• After linearizing the circuit we can remove the DC sources because the nonlinear elements have been replaced by linear ones (that's what "linearizing" means). So they no longer require the DC source to be present in order to "turn on". Commented Jul 22 at 15:24
• Can you illustrate more how perturbation analysis allows us to combine the solutions ? also regarding the your last comment after linearizing element like MOSFET , the small signal current is equal to $g_{m}vgs$ and $g_{m}$ depend on the dc bias volt Commented Jul 22 at 15:29
• after linearizing the circuit if Dc and Ac solutions aren't combined by superposition , why then we short the Dc bias while calculating the small signal analysis , this procedure is very likely to being superposition , i'm not convinced with the superposition but i just want to know how is this done because short dc bias affects the $g_{m}$ , you asked me about the text , prof Behzad Razavi said we are doing superposition in his lectures explicitly Commented Jul 22 at 17:06

From your comments, it seems you misunderstood my explanation. I said that you can apply superposition to the small signal obtained by linearizing the circuit around the operating point.

However, your question seems to ask if the output can be calculated by the superposition of the DC biasing and the small signal around the DC biasing point.

So the answer is no, that is not true.

If the circuit is nonlinear, then you cannot apply superposition. We obtain the total result at the output as the sum of the DC operating point and the small signal through an approximation. We are neglecting all nonlinear parts by ignoring higher-order terms from the Taylor series. This result is just an APPROXIMATION and not superposition.

The image is taken from this.

Taylor series and the approximation:

• But in the textbook you linked it's written after linearizing we solve the circuit in 2 part first part to calculate the dc bias and the second part we short the DC bias and calculate the small signal response , isn't that a superposition ? Commented Jul 22 at 15:43
• No, superposition only applies to linear circuits, where it provides the exact result. In contrast, the approximation method mentioned above is used for non-linear circuits. This method approximates the result by ignoring the second, third, and higher-order terms in the Taylor series expansion.
– hana
Commented Jul 22 at 15:48
• Can you kindly explain to me what does the textbook means by saying that after making the MOSFET Linear we separate the analysis by 2 parts the first is the Dc analysis and the second is the small signal analysis and then combine them together , isn't that a superposition ? I know you replied to me that it is not superposition that separating the 2 analyses after linearizing the element , but can you explain how it is not superposition ? because that part is what confusing me i'm not convinced that it's superposition but it seems like superposition Commented Jul 22 at 15:59
• I explained this already, but you repeated the same question again, so I gave up. What the textbook mentions is just the Taylor series approximation, which I highlighted in pink in the image above.
– hana
Commented Jul 22 at 16:02
• to make sure that I understand your reasoning correctly , we calculate first the dc bias by dc sources and then change the axes around the dc bias point to calculate the linear term by Taylor expansion which is $\frac{df}{dx} \, \Delta x$ and while calculating the this term we short the DC sources because they do not contribute ? and the plus sign between them is not a superposition but indeed the plus from taylor does I understand correctly ? sorry for repeating the question but I did that because I did not really understand your explanation, Commented Jul 22 at 16:11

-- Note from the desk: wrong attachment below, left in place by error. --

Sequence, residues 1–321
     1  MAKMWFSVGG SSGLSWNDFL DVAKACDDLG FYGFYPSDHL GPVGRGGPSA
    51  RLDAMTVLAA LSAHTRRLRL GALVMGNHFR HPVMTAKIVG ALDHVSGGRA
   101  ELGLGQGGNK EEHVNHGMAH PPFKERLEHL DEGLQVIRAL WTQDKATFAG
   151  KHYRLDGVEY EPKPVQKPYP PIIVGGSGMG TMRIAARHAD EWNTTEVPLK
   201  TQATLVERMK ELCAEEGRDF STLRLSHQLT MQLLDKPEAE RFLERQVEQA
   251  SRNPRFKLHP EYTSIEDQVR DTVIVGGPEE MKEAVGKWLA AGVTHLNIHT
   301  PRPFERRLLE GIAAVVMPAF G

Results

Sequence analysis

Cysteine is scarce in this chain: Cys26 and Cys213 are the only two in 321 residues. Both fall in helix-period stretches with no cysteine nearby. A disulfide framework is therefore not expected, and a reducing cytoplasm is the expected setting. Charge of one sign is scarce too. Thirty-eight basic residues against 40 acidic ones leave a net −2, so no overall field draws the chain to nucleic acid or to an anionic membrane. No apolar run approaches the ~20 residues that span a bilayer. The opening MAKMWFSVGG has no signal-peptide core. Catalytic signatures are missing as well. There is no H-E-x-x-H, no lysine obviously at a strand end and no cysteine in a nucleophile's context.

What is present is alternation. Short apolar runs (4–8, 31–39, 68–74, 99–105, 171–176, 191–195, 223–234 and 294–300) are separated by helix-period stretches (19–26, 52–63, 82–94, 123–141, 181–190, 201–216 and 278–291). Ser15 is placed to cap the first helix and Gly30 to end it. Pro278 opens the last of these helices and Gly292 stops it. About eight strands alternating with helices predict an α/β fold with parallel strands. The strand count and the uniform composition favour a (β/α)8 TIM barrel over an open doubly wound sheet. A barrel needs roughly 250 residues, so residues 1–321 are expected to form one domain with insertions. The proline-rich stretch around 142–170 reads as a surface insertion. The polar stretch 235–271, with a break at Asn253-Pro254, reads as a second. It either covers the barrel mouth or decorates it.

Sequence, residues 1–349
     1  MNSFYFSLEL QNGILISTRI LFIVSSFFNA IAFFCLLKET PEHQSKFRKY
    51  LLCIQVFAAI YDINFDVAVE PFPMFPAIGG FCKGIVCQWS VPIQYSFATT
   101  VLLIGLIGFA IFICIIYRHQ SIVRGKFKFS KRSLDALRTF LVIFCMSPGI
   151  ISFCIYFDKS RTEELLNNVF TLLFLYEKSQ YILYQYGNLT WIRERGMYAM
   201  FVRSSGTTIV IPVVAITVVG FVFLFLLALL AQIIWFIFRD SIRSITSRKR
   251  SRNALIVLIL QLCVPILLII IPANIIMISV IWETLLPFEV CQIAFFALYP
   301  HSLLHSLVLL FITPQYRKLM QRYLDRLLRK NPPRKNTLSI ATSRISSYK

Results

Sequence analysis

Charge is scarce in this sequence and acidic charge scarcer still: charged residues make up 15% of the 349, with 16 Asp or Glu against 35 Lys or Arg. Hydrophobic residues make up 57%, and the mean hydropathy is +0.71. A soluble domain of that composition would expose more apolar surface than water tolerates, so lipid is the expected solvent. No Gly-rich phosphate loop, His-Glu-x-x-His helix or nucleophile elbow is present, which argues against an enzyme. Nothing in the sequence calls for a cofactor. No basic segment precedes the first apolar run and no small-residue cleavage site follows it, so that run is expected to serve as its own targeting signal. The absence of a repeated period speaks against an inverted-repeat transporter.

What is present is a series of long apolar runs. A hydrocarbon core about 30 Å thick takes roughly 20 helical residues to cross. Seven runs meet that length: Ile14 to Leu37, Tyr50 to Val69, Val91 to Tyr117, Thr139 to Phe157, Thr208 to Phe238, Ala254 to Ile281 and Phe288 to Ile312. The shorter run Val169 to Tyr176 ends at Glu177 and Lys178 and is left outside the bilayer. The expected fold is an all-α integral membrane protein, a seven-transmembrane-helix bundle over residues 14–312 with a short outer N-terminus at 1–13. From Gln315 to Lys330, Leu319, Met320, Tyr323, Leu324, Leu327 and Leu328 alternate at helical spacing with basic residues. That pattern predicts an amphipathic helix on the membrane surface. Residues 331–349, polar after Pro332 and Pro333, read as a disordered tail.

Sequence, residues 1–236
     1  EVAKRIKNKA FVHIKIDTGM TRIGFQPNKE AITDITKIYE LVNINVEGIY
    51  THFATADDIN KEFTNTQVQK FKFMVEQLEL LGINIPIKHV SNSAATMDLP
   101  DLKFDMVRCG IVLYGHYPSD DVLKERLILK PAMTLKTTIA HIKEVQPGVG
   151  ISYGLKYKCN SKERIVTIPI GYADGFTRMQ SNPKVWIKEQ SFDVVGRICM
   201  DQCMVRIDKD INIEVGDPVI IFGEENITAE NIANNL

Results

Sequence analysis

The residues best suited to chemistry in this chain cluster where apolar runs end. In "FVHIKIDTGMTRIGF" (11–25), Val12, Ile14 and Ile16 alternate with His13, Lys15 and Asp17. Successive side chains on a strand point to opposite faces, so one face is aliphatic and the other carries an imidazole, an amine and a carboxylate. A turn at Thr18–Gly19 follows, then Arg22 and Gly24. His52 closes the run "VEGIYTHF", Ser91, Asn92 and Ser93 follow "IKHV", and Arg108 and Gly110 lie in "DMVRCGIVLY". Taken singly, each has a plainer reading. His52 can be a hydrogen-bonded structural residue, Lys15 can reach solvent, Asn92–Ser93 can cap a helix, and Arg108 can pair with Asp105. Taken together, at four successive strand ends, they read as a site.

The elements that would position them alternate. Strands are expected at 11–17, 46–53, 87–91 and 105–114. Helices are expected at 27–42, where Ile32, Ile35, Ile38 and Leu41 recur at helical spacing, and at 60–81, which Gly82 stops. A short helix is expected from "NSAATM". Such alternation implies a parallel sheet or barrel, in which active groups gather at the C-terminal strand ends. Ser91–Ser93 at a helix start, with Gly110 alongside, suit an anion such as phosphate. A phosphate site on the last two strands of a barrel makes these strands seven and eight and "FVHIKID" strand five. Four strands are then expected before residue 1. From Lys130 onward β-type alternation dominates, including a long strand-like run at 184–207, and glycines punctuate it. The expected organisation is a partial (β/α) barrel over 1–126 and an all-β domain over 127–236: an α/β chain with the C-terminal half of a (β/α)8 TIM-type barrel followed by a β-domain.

The bias point V-I curve is nonlinear so cannot be used with superposition. It can be added to the small signal ac voltage to obtain a result. But is is not superposition. The bias point can influence the small signal linearization.

If: $$I=kV^2_{ov}$$

then the small signal linear approximation at $$\Vbias_{ov}\$$ is:

$$i_{ac}=(2kVbias_{ov})v_{ac\_ov}$$

So the small signal gain depends on the bias point.

Superposition requires linear independence. Just being able to add the numbers together is insufficient.

• but in electronics textbooks we separate the DC analysis and small signal analysis after linearization and then add them together , isn't that a superposition ? Commented Jul 22 at 16:19
• It could be. But only if the ac and dc sources are linearly independent. The test is if you change the dc bias without the resulting ac amplitude changing or if the ac amplitude is changed without moving the bias point, then yes. But other wise no as I showed in my answer. Just adding them together is not sufficient to be considered superposition. Commented Jul 22 at 16:34
• but in elements Like MOSFET and BJT changing Dc bias point will results in change of the transconductance and accordingly the ac amplitude on the MOSFET will also change because it depends on the bias point , so this means adding analysis not a superposition , is that correct ? Commented Jul 22 at 16:50
• that is correct. Stated better, superposition cannot be applied.@Abdelrahman Commented Jul 22 at 17:09
• I get it ,even after linearizing MOSFET, the separation of analysis between dc and small signal and then add the results doesn't mean it's a superposition as you said but instead it means at this bias point we expand around it by Taylor series and since the total is equal to dc bias + ac( small signal) we just separate the circuit by it's small signal model to be able to just calculate the ac(small signal) in other words we change the axis to that dc point and just calculate the change by the new axis thats why we short DC by translation of axis the current we only see is due to small signal Commented Jul 22 at 17:40